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Backfires are lit in Refugio Canyon to burn up fuel.

Ray Ford

Backfires are lit in Refugio Canyon to burn up fuel.


Fire Teams Hammering Scherpa’s East, West Borders

Commanders Calling Thursday a ‘Transition Day’ as High Winds and Temps Forecasted


Independent outdoors editor Ray Ford reports that firefighters are concentrating their efforts on the eastern edge of the Scherpa Fire, trying to prevent it from spilling over the ridge of Las Flores Canyon and into El Capitan Canyon. Inaccessible by foot, the line is being held by air tankers dropping loads of retardant. Fire teams are also actively lighting backfires by hand in Refugio Canyon about a third of a mile below Circle Bar B Ranch to stop its progress west. (For reference, the affected canyons, from west to east, are: Refugio, Venadito, Las Flores, and El Capitan.)

updated 1:56 p.m., 7/14

Incident: Sherpa Fire
3:21 p.m., 6/15

100%

7,474 acres

2 sheds, 2 “outbuildings,” 1 water treatment plant destroyed

10 personnel

nine minor injuries

$18.1 million
El Capitan State Beach
West Camino Cielo Road from Refugio Pass to Winchester Gun Club
Dry conditions; Northwest winds: 25- to 45-mph nighttime gusts over Santa Ynez Range

Ford spoke Thursday morning with Battalion Chief Chris Mailes with the City of Santa Barbara Fire Department.

Mailes and his crew are part of a brush engine strike team stationed in Venadito Canyon. They were initially called in at around 4:30 p.m. Wednesday when the fire was still up near Refugio Pass and burning 20-30 acres. Mailes said there were “mixed winds” on the blaze and it was “hanging out in bowls at the top of the canyon.”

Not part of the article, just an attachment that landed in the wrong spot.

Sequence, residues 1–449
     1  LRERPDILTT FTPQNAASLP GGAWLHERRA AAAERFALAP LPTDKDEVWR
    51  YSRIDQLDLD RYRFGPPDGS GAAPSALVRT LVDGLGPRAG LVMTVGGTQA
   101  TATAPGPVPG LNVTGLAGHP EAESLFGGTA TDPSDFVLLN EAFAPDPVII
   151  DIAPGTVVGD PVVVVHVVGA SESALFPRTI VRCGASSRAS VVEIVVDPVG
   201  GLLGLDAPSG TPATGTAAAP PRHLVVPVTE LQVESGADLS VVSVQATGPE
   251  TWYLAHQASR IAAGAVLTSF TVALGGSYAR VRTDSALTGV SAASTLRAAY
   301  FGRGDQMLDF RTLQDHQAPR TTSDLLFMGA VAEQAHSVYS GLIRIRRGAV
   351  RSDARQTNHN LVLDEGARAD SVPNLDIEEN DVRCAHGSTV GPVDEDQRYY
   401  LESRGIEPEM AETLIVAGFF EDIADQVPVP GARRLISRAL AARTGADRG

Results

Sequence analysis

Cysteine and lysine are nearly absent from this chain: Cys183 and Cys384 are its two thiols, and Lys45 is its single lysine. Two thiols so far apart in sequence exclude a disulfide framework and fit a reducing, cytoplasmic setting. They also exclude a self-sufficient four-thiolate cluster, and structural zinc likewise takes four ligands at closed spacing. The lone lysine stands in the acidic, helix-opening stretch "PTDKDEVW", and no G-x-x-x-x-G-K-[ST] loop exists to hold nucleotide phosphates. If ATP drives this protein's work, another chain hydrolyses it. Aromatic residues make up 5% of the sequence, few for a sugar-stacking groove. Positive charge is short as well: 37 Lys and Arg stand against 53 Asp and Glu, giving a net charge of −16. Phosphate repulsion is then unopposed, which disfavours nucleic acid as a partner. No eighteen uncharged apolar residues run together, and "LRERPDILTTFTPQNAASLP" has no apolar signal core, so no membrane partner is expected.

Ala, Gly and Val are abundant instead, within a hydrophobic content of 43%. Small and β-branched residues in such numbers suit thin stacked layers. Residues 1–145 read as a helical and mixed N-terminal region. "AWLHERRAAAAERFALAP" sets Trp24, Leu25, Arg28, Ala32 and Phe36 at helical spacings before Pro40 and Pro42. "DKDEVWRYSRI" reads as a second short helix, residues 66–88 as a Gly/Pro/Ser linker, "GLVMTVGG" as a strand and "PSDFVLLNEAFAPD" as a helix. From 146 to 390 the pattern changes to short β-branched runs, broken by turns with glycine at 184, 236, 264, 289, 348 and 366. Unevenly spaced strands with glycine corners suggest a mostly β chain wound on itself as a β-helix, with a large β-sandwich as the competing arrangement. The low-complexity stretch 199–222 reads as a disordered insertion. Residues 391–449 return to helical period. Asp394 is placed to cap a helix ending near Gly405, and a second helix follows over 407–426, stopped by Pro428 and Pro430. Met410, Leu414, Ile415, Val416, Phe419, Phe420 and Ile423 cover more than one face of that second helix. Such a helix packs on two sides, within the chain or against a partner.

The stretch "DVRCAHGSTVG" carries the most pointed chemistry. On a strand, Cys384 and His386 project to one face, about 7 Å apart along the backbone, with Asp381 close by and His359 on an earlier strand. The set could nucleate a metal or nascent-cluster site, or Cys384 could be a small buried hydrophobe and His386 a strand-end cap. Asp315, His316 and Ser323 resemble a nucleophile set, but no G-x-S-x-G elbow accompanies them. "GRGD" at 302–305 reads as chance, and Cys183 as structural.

Commanders, however, knew sundowner winds were on the way, so they ordered a “really aggressive response” with multiple tankers laying lines of retardant around the edge of the fire and helicopters dropping water directly on the flames. By 7 p.m., the sundowners kicked up and began pushing the fire south toward the ocean and Highway 101. Within 20 minutes it was racing down the hill, said Mailes.

A number of ranches suffered close calls, but no buildings have burned. Mailes talked about firefighters surrounding a nearby 1866 ranch house and successfully guarding it throughout the night. Many canyon residents have done an “incredible job” creating defensible spaces around their homes, he said. He called Southern California firefighters “some of the best in the world.”

Thursday is considered “a transition day” for the fire teams, Mailes went on. The evening will likely bring more sundowners, followed by hotter and drier conditions on Friday and through the weekend. Near record conditions are expected Saturday and Sunday. Commanders are most concerned about the 35 mph ridge-top winds forecasted for tonight that could push the fire into neighboring canyons.

Beyond the direct attacks, dozer teams and hand crews are cutting new contingency lines and rebuilding old ones. “We’re pessimists,” said Mailes of firefighters. “We plan for the worst and hope for the best.” CAL FIRE will soon dispatch its Type 2 teams, the second strongest force in the state agency. The incident will then shift from local to state command, Mailes said.




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